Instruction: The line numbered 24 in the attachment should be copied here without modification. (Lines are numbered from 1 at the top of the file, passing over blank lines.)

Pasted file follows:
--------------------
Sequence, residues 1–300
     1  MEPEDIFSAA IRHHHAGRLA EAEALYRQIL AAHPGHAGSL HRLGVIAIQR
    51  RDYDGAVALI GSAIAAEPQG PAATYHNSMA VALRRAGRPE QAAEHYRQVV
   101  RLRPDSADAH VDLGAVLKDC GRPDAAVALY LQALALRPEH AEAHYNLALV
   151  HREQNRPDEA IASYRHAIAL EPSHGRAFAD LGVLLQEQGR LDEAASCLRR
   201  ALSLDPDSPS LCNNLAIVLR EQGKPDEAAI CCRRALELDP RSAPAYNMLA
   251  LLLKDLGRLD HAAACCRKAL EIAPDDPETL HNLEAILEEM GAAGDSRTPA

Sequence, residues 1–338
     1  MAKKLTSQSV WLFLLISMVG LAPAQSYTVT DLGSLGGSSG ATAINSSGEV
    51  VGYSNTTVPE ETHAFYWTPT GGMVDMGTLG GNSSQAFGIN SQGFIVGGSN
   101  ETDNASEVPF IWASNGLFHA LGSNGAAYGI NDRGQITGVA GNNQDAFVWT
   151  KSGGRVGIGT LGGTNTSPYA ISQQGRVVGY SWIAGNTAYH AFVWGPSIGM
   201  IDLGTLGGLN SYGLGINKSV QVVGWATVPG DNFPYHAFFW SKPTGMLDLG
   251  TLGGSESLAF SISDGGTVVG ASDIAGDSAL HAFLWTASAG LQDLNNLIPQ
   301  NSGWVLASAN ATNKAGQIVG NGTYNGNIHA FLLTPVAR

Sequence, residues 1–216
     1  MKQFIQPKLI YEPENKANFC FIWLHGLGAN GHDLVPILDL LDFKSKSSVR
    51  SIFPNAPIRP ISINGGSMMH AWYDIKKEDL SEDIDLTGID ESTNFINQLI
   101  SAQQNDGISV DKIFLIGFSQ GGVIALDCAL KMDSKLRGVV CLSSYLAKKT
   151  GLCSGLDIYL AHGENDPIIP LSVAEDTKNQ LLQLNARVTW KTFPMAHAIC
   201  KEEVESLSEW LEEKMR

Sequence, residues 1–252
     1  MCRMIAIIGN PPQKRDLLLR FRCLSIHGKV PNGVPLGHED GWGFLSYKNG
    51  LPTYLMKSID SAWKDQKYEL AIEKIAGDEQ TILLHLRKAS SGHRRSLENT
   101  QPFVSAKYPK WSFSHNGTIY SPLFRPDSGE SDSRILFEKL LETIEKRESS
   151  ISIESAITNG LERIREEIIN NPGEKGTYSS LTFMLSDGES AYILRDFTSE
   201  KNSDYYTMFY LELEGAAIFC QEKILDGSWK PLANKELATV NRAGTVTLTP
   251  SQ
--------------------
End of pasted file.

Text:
    51  LPTYLMKSID SAWKDQKYEL AIEKIAGDEQ TILLHLRKAS SGHRRSLENT